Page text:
A Cupar-based charity, which has come under fire after it was revealed it employs sex offenders, says it safeguards the community.
The Castle Furniture Project, which provides free or low cost household goods to struggling families or individuals in Fife to help relieve poverty, has been inundated with calls and emails from the public since the news broke, with some calling for a demonstration.
But, in an interview this week, its CEO, Sylvia Ingram, said it would be a shame if the charity ‘collapsed’, explaining the lengths the organisation goes to to protect the public.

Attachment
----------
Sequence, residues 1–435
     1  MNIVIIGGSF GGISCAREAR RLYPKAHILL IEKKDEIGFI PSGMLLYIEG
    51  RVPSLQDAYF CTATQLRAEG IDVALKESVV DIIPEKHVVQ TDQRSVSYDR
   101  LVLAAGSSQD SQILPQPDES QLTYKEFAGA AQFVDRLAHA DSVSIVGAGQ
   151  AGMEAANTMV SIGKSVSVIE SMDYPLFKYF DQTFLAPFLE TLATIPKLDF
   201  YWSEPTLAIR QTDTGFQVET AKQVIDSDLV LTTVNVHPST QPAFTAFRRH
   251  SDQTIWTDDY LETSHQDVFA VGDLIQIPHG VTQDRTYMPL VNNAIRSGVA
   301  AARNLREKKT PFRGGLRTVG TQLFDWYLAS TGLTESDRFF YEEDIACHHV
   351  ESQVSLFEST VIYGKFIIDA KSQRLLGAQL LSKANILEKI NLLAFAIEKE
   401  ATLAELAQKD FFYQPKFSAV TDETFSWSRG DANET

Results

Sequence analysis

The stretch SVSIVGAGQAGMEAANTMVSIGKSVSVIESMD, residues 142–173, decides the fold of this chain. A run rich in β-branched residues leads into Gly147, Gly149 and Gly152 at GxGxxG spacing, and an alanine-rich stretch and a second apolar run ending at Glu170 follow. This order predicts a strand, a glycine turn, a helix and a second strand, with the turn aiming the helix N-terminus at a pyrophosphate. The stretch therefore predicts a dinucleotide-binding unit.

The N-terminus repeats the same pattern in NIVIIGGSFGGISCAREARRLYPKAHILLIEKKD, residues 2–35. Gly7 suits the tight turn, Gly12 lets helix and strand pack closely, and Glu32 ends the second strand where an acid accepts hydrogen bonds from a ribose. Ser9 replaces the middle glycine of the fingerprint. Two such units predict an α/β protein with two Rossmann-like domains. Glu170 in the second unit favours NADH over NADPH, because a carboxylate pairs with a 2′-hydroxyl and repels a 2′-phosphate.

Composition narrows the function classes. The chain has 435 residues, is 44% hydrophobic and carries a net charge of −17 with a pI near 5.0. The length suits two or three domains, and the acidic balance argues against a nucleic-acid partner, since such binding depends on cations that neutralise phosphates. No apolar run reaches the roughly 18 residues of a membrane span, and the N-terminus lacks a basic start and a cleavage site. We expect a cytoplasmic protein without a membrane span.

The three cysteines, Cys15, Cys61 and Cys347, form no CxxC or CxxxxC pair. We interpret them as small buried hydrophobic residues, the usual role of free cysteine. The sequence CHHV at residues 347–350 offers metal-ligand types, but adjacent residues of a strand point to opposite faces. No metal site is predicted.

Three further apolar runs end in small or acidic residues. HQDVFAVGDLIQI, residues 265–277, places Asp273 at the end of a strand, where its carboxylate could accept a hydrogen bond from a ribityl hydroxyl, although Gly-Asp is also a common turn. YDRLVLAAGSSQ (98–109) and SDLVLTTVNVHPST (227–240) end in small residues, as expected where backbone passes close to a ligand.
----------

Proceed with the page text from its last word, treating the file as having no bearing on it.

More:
The charity employs no more than one sex offender at each of its sites, in Glenrothes and Cupar, at any one time.
It does not employ sex offenders, who have been given a custodial sentence, with individual risk assessments carried out each time.
Four members of staff also have qualifications in risk management.
“We want to let the public know we’re not just a grass roots project that has no control over what’s going on,” Ms Ingram said.
“We know who is coming in and out. Safeguarding the community is important to us.”
The organisation has been working with sex offenders for the last eight years, and, one of the reasons it receives £100,000 per year from Fife Council, is for rehabilitation work with the offenders.